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answered 23 Jun '15, 06:58

Andy's gravatar image

Andy
6.7k212738

Our key focus is to provide professional interpreters and the ones who started working in the industry with quality work. That's the reason why we are putting the focus on getting businesses and nonprofits to use our platform because they have to rely on real professionals

Babelverse claims to do the same, even if they want to provide conference interpretation as well. And they seem to struggle with their client and provider acquisition for all types of interpreting.

The average Joe won't be paying $2.00 per minute for a professional anyway. They are more likely to pay for using our machine translation feature which costs 19 dollar cents per min or people who do the job for fun (beginner)

If I were the average Joe, I probably would use (or at least try once or twice) the very much advertised and free Skype/Microsoft gizmo speech recognition and live translation tool rather than pay to have a polite chat with my Korean or Swedish in-laws. But I probably wouldn't pay for the service, because the average Joe simply doesn't have a regular need for such a service and hence will be happy to use anything that is free and of poor quality.

In a nutshell, I don't see a real demand for what you want to supply. And I'm not sure either that you'll be able to supply. Users expect a 24/7 availability of your service. How many happy-to-work-for-free-because-it's-fun beginners will you have online around to clock to work from and into all languages you wish to cover? Here again, if I were to try to use your service, should the service not able to cover my needs when I want to use it, I won't come back and try again.

The professionals will be able to earn $84.00 per hour. I disagree that its peanuts compared to the 12-20 bucks they earn with LanguageLine and co

If you're paying over four times more for the same job, working conditions, quality and workload, all the better. I only work in the conference segment in Europe, so I wouldn't be able to elaborate and compare what you offer and what is standard in the remote industry in the US.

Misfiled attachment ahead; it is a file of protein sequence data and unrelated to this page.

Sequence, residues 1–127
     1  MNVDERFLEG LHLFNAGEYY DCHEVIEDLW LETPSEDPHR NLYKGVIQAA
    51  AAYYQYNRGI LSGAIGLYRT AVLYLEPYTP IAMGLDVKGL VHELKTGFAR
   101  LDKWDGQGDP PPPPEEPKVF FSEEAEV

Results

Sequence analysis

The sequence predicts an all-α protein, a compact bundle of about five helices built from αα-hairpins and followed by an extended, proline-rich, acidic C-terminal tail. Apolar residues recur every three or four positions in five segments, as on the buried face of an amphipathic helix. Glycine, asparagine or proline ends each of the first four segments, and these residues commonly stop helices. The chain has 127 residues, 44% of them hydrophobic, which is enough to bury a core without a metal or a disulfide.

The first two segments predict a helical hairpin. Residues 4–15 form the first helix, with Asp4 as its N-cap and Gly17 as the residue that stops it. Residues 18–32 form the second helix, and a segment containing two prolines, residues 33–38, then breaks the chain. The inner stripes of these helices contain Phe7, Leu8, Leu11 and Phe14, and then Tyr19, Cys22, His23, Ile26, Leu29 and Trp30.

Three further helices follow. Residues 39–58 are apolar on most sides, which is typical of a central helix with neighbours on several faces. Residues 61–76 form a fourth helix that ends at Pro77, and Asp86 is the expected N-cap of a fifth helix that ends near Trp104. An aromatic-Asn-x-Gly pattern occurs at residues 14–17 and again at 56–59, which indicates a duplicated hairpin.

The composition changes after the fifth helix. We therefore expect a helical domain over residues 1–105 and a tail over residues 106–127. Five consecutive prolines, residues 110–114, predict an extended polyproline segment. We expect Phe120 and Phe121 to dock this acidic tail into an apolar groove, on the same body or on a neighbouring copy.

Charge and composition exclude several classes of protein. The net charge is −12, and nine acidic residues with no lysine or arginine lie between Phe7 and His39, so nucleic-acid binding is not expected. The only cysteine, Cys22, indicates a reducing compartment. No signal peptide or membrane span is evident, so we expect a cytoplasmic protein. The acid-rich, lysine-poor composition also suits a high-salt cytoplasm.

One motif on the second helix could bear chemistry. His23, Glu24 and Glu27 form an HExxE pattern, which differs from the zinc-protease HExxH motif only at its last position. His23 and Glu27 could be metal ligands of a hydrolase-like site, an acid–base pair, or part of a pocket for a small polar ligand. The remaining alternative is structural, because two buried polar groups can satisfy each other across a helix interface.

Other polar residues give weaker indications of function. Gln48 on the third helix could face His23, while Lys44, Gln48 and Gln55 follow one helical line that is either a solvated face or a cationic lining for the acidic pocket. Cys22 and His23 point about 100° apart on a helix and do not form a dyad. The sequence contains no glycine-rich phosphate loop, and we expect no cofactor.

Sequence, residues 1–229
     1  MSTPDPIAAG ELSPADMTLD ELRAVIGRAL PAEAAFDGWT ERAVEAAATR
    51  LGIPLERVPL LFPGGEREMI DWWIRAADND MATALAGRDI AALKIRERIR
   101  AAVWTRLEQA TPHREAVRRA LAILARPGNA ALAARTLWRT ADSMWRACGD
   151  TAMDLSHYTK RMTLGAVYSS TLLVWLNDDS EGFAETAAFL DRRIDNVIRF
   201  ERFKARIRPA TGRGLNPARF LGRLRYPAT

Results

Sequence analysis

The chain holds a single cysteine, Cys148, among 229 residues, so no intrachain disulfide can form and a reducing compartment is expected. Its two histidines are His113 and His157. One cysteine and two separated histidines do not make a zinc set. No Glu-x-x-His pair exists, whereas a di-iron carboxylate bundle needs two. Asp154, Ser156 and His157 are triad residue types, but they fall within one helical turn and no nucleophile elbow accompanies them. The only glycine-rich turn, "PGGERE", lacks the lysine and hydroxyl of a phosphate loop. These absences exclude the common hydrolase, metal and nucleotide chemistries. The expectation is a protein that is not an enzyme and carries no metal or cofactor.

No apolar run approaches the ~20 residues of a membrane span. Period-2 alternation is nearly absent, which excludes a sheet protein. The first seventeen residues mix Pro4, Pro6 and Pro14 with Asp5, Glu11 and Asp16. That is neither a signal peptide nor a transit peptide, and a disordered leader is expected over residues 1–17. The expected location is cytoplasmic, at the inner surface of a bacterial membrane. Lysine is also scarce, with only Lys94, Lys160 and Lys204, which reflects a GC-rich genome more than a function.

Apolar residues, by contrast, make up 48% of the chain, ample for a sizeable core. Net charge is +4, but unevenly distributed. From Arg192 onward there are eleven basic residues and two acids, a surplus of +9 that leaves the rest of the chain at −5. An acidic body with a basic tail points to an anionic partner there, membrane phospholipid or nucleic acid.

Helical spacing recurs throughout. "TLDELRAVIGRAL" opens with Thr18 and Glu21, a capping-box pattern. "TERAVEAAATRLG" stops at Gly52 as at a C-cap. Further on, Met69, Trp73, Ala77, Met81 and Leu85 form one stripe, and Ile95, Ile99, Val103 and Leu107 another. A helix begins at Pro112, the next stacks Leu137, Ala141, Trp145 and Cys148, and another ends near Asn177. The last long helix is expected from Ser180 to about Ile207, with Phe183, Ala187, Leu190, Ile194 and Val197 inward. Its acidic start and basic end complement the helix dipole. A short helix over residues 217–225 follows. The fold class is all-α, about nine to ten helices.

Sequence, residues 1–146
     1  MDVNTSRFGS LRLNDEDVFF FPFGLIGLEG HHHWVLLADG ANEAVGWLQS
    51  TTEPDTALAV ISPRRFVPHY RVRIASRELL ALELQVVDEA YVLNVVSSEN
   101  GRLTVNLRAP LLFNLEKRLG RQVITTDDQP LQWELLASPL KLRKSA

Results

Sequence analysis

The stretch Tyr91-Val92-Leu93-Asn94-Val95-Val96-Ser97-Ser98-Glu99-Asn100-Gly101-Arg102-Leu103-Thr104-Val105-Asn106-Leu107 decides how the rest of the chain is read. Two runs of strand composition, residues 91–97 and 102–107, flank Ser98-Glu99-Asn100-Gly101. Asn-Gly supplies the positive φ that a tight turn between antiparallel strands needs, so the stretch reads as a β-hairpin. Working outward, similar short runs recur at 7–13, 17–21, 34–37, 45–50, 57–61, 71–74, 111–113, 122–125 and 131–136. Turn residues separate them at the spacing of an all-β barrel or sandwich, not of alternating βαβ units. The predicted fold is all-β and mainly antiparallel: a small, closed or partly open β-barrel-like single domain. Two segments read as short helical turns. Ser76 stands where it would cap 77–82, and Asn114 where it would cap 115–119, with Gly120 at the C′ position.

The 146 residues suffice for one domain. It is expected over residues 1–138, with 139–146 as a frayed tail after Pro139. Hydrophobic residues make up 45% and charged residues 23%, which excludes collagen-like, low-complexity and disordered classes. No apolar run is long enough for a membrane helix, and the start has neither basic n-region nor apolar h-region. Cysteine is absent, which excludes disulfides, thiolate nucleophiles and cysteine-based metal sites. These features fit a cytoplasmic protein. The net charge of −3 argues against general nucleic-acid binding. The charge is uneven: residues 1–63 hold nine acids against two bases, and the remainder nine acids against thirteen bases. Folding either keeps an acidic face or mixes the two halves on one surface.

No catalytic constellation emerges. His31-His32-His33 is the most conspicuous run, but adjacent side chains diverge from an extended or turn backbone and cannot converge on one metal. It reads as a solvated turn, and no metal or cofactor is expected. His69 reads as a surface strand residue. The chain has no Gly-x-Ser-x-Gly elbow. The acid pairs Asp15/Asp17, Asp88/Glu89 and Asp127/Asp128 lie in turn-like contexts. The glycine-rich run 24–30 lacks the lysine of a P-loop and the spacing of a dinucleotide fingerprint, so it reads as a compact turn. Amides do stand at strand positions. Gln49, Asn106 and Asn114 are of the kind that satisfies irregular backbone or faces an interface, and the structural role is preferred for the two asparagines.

We are also working on a training center and we are in touch with several language institutes, so that we can provide the best quality training to the interpreters for free

From an European perspective, that sounds a bit odd. Like asking a cello player to teach piano. Formal interpreter training already exists, in the US as well, so I'm not sure what added value language institutes could bring. Who would train? How long would the training be? How would you select the people to be trained? How would it be for free (would you be paying for it)?

And finally we are going to offer a community site where the interpreters can talk about their experience, best practices etc.

Sounds nice, but I don't know a single professional who'd like to talk about his work on his client's platform. And we already have many established places to exchange.

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answered 22 Jun '15, 06:29

G%C3%A1sp%C3%A1r's gravatar image

Gáspár ♦
6.5k141829

edited 22 Jun '15, 10:43

Thanks for your answers.

I don't know in what kind of world you're living in but for me $84 for an hour of work is A LOT, even for a senior software developer like myself!

It seems to me that you guys have never worked as a telephone or VRI interpreter, so I therefore assume that you don't know what it means to work for REAL peanuts.

I'd also suggest that you read the content we have put on our website again, because your criticism about low pay and giving jobs to non-professionals is totally unjustified and absolutely misleading.

I have spoken to several dozen remote interpreters over the past couple of months and I know exactly what their biggest problems are:

  • Low pay ($10-15 per hour)
  • Working in sweat shop like conditions
  • Feeling isolated
  • No freedom to choose when and who they want to work for

And we are going to change that with our platform!

@Camille You're absolutely wrong! I'd suggest that you read the information we have provided again because we pay ALL people who interpret on our platform.